"... We present an analysis to automatically determine if a program represents a continuous function, or equivalently, if infinitesimal changes to its inputs can only cause infinitesimal changes to its outputs. The analysis can be used to verify the robustness of programs whose inputs can have small amou ..."
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Cited by 28 (7 self)
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We present an analysis to automatically determine if a program represents a continuous function, or equivalently, if infinitesimal changes to its inputs can only cause infinitesimal changes to its outputs. The analysis can be used to verify the robustness of programs whose inputs can have small amounts of error and uncertainty— e.g., embedded controllers processing slightly unreliable sensor data, or handheld devices using slightly stale satellite data. Continuity is a fundamental notion in mathematics. However, it is difficult to apply continuity proofs from real analysis to functions that are coded as imperative programs, especially when they use diverse data types and features such as assignments, branches, and loops. We associate data types with metric spaces as opposed to just sets of values, and continuity of typed programs is phrased in terms of these spaces. Our analysis reduces questions about continuity
Towards an industrial use of Fluctuat on safetycritical avionics software
 In FMICS
, 2009
"... Abstract. Most modern safetycritical control programs, such as those embedded in flybywire control systems, perform a lot of floatingpoint computations. The wellknown pitfalls of IEEE 754 arithmetic make stability and accuracy analyses a requirement for this type of software. This need is tradi ..."
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Cited by 22 (2 self)
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Abstract. Most modern safetycritical control programs, such as those embedded in flybywire control systems, perform a lot of floatingpoint computations. The wellknown pitfalls of IEEE 754 arithmetic make stability and accuracy analyses a requirement for this type of software. This need is traditionally addressed through a combination of testing and sophisticated intellectual analyses, but such a process is both costly and errorprone. FLUCTUAT is a static analyzer developed by CEALIST for studying the propagation of rounding errors in C programs. After a long time research collaboration with CEALIST on this tool, Airbus is now willing to use FLUCTUAT industrially, in order to automate part of the accuracy analyses of some control programs. In this paper, we present the IEEE 754 standard, the FLUCTUAT tool, the types of codes to be analyzed and the analysis methodology, together with code examples and analysis results. 1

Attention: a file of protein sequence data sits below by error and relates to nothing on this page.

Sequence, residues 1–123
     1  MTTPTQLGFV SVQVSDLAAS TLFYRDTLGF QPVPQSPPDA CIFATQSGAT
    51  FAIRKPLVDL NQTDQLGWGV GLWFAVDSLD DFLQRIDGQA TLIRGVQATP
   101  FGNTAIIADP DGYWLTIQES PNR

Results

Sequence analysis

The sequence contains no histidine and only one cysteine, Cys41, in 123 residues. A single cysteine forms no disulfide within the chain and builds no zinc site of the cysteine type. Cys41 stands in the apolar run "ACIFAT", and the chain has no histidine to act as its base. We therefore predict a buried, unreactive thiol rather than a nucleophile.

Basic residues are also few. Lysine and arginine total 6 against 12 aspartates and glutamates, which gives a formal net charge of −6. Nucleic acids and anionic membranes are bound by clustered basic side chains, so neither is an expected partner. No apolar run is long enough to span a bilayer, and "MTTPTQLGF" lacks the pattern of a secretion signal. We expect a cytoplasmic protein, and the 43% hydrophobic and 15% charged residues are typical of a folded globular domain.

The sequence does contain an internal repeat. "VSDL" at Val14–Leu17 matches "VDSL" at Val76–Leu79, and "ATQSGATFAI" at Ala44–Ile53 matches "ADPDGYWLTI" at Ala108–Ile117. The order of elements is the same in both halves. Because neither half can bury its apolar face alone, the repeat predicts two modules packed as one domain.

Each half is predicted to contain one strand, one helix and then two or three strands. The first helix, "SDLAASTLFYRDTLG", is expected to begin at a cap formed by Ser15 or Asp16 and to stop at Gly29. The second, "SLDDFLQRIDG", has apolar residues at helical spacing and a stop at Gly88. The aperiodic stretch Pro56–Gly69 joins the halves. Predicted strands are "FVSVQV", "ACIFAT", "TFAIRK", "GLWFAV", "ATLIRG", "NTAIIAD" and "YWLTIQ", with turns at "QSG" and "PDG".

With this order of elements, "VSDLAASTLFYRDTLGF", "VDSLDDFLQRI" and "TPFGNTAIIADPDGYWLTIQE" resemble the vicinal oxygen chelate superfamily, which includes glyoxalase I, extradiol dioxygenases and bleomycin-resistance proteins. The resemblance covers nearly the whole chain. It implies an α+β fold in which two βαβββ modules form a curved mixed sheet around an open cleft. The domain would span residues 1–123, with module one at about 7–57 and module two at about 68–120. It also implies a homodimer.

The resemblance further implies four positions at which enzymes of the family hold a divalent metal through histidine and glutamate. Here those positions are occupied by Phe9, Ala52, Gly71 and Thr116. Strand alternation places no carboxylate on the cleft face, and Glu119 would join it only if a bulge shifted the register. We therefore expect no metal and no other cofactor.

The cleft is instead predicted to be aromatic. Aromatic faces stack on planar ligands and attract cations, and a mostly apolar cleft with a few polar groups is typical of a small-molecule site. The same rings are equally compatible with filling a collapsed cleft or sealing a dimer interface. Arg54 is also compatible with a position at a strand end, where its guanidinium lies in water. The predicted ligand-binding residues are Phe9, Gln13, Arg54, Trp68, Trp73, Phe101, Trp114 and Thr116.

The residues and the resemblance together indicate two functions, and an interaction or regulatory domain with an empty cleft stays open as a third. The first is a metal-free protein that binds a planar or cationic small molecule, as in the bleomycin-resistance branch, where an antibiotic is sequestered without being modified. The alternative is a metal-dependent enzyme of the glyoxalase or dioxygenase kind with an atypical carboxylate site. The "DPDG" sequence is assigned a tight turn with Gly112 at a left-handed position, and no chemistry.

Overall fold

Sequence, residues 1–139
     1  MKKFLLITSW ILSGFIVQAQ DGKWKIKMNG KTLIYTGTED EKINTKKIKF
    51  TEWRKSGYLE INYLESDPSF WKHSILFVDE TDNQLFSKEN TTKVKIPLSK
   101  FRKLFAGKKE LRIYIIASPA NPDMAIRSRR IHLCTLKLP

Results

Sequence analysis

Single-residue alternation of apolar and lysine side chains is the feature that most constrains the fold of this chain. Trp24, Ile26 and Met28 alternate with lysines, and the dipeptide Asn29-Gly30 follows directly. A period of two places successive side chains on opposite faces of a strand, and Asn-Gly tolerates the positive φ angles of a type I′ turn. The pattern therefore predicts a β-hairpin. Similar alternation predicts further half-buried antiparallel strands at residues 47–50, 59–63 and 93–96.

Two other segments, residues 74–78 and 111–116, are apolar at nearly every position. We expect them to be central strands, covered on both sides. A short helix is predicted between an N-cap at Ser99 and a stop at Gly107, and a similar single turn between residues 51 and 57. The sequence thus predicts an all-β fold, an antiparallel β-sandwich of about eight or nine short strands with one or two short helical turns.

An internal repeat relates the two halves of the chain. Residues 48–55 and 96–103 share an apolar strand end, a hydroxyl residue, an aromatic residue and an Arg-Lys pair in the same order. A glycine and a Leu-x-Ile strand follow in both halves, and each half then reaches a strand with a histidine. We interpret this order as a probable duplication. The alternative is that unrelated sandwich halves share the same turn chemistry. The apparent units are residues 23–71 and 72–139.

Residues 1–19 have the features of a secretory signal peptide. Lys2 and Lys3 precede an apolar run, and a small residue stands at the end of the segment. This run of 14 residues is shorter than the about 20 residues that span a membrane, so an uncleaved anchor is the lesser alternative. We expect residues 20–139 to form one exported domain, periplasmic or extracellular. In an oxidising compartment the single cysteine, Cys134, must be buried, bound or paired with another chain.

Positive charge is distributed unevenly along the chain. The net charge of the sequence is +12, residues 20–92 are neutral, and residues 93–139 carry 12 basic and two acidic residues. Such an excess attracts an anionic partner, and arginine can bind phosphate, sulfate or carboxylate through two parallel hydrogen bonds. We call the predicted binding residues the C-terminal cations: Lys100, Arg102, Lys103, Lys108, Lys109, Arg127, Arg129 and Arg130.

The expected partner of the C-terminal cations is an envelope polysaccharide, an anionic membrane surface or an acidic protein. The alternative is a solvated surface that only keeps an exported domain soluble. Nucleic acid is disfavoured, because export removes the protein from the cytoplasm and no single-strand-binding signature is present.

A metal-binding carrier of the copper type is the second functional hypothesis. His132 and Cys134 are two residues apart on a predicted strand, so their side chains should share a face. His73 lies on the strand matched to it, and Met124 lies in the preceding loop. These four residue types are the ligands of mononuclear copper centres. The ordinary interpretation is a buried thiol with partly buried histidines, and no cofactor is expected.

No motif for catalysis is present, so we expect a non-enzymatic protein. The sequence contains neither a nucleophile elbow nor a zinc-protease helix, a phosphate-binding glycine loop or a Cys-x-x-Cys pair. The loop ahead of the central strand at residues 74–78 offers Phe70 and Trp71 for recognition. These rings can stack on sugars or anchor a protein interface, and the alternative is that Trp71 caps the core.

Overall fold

Using statically computed invariants inside the predicate abstraction and refinement loop
 In CAV’06: International Conference on Computer Aided Verification
, 2006
"... Abstract. Predicate abstraction is a powerful technique for extracting finitestate models from often complex source code. This paper reports on the usage of statically computed invariants inside the predicate abstraction and refinement loop. The main idea is to selectively strengthen (conjoin) the ..."
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Cited by 18 (6 self)
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Abstract. Predicate abstraction is a powerful technique for extracting finitestate models from often complex source code. This paper reports on the usage of statically computed invariants inside the predicate abstraction and refinement loop. The main idea is to selectively strengthen (conjoin) the concrete transition relation at a given program location by efficiently computed invariants that hold at that program location. We experimentally demonstrate the usefulness of transition relation strengthening in the predicate abstraction and refinement loop. We use invariants of the form ±x ± y ≤ c where c is a constant and x,y are program variables. These invariants can be discovered efficiently at each program location using the octagon abstract domain. We observe that the abstract models produced by predicate abstraction of strengthened transition relation are more precise leading to fewer spurious counterexamples, thus, decreasing the total number of abstraction refinement iterations. Furthermore, the length of relevant fragments of spurious traces needing refinement shortens. This leads to an addition of fewer predicates for refinement. We found a consistent reduction in the total number of predicates, maximum number of predicates tracked at a given program location, and the overall verification time. 1